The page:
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Breast Cancer Research Centre - WA

Kiara’s Story

In the Summer Edition of What’s News we  feature the patient story of Kiara. Kiara was diagnosed with breast cancer at a young age and speaks about the months of surgery and chemotherapy that followed. Kiara is an inspiring young woman and we are privileged to share her story with you. 

I had just celebrated my 30th birthday, started a new job, formed a new relationship with my soul mate and I was blissfully happy. Just when I thought my life was perfect and nothing could burst my bubble my whole world was rocked.

On what was a normal Tuesday night at home, I was lying in bed with my partner watching Netflix, only for him to discover a lump in my breast. My stomach dropped, I felt instantly ill and had the gut instinct that what we had discovered was going to be a tumour. With the knowledge of me having the BRCA1 mutation I booked into the doctors immediately the next day. I was then referred for an ultrasound which acknowledged the lump was not a cyst, and I was then referred for a core biopsy the next day.

On the 27th March 2020 I was called in urgently to the doctors. My heart was racing, I knew the results were bad. Sitting down facing my doctor before she could even get the words out I said, “I have cancer don’t I?”, and on that day I was diagnosed with Stage 3 Hormone Receptor Positive Breast Cancer. It was aggressive and growing fast, but my first reaction was wanting to know what I had to do to fight this . Being told I had cancer was the easy part, then having to call my partner and family and explain to them my diagnosis was absolutely heart breaking.

Among all this madness COVID-19 had just hit and the world was in a frenzy as it was. Being diagnosed with cancer in a pandemic added extra stress to my situation. I was lucky enough to have been recommended Professor Arlene Chan and Dr Peter Willsher by a friend, and booked in immediately with Dr Willsher three days later. After discussing my options with Peter it was obvious that my best chance of beating this was to attack the cancer straight away with chemotherapy, as my cancer cells were growing at 87%. Only three weeks later, after a consultation with Professor Chan and several tests, I was in for my first round of chemotherapy. I felt numb, lost in a whirlwind of emotions that I cannot describe, but I was so determined that cancer was not going to beat me. I am so young, I have so much life to live and too many people I care about who I was not ready to leave.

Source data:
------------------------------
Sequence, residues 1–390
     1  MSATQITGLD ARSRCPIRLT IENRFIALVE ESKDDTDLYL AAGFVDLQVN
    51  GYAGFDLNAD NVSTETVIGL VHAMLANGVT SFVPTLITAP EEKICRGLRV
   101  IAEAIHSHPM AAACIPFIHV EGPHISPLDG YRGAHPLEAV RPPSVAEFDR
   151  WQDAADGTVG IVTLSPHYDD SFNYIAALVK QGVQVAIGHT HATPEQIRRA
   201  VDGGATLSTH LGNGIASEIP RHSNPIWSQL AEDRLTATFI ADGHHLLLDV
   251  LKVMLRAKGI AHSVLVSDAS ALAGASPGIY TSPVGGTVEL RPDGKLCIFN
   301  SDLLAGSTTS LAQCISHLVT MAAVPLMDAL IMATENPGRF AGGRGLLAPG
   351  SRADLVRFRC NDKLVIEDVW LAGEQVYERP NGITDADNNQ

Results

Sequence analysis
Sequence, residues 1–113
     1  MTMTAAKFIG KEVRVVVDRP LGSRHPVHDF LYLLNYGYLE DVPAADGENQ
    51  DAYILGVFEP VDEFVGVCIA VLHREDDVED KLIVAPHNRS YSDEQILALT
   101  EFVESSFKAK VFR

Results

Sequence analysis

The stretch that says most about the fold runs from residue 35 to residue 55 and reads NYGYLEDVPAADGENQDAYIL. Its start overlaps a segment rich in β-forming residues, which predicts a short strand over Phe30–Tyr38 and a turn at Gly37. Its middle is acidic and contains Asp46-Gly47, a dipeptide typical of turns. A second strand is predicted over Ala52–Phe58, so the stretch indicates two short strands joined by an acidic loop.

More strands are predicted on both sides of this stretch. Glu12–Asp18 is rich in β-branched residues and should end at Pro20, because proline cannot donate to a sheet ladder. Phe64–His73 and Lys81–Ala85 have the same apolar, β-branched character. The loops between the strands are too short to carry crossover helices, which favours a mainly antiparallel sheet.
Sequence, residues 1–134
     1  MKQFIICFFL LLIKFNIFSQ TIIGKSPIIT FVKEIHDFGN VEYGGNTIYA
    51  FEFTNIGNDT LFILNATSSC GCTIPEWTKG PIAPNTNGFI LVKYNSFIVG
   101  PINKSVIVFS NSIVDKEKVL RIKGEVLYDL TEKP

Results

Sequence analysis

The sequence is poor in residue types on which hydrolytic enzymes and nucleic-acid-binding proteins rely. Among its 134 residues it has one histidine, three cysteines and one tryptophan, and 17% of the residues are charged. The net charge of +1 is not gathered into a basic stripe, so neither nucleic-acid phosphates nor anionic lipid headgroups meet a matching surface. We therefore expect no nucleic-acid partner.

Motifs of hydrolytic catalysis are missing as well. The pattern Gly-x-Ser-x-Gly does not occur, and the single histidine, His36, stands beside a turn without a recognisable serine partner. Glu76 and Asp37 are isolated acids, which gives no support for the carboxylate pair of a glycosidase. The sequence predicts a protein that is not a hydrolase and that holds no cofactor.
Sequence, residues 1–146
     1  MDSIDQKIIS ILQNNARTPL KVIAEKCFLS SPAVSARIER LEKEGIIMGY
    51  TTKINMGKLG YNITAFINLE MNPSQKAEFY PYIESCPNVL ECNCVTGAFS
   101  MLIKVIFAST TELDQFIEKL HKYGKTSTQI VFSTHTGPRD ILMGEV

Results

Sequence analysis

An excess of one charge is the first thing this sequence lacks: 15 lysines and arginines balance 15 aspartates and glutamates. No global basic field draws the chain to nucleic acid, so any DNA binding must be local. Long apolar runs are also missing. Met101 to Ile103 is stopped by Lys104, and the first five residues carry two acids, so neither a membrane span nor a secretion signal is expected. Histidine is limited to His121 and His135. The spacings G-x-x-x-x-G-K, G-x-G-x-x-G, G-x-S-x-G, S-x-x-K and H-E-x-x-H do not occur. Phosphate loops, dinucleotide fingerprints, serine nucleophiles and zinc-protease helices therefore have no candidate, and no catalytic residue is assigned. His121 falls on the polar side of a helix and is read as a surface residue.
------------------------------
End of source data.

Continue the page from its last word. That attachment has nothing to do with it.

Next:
After five and half months of gruelling chemotherapy I was well and truly knocked down and exhausted, but it still wasn’t going to stop me. I finally made it through 11 rounds of chemo but not without the pain, fatigue, nausea and not to mention emotional strain. Two months later it was surgery time. I had a bilateral double mastectomy and reconstruction with tissue expanders. After the surgery I got the most fantastic news that the surgery could not have been more successful, and between that and the chemotherapy they had removed all the cancer from my body. This made all the pain and exhaustion feel worthwhile. Five weeks later I am still in recovery and pain every day, but it has all been worth it.

I will keep fighting and do whatever I have to do to stay healthy. I will be forever extremely grateful for the amazing team which has got me to this point of my life, especially Professor Chan, Dr Wilsher, and my amazing nurses Cath and Fran. I believe that I am extremely lucky to have met all these amazing people and I couldn’t have done it without them, my partner, family and friends. The fight is still not over, with another surgery to follow in December for the removal of my expanders and insert of implants, and then also the scary confrontation of taking away all potential risks of me developing ovarian cancer, but I am a fighter and I refuse to give up and I will not let this beat me. My biggest lesson from this experience has been that you need to be vigilant in looking after yourself, and staying on top of all testings and screenings to catch cancer early. Also that life is short. You never know what is around the corner, you need to make the most of it and appreciate the simple things in life like your family, friends and partners, and don’t dwell on things because the good old saying is true – “Life is Short ”.

To anyone who is in a similar situation or the early days of diagnosis, no doubt you are frightened about what is ahead, and probably wondering how you are going to get through this. My best advice to you is:

  • listen to your doctors – they are the professionals for a reason
  • surround yourself with loved ones
  • keep a positive mind, and
  • don’t be afraid to ask for help

Thank you to anyone who has taken the time to read my story or has been there through my journey, I hope to inspire hope people the best I can.

Read more Stories of Hope.